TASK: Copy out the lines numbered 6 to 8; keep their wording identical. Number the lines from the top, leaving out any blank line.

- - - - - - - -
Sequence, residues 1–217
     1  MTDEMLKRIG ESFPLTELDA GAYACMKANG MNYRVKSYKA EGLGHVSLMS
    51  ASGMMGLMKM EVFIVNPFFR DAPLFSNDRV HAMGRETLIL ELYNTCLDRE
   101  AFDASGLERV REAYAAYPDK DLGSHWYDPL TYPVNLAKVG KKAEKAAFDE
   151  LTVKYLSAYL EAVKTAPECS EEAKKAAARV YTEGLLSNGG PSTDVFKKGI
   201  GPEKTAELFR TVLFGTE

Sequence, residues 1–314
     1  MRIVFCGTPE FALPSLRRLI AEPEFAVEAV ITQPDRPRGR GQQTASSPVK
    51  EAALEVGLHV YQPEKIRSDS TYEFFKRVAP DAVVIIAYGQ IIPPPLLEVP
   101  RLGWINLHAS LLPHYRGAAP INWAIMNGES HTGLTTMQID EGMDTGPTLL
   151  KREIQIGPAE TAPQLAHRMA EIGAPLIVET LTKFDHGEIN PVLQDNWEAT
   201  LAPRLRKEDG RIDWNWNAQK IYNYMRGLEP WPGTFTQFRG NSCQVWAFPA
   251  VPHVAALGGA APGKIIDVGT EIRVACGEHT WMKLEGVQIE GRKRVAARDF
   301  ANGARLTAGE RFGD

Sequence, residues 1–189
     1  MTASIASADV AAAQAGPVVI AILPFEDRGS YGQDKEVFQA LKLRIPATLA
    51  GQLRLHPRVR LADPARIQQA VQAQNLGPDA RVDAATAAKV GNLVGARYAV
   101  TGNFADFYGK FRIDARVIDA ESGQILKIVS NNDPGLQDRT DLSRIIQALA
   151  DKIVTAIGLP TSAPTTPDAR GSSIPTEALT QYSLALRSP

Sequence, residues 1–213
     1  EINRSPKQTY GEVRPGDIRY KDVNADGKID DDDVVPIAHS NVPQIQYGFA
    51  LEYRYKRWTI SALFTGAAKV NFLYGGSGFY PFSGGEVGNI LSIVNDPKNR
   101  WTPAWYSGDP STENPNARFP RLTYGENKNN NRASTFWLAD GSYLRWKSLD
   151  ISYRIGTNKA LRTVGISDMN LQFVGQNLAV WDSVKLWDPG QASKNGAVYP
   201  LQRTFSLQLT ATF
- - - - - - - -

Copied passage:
   201  GPEKTAELFR TVLFGTE

Sequence, residues 1–314
     1  MRIVFCGTPE FALPSLRRLI AEPEFAVEAV ITQPDRPRGR GQQTASSPVK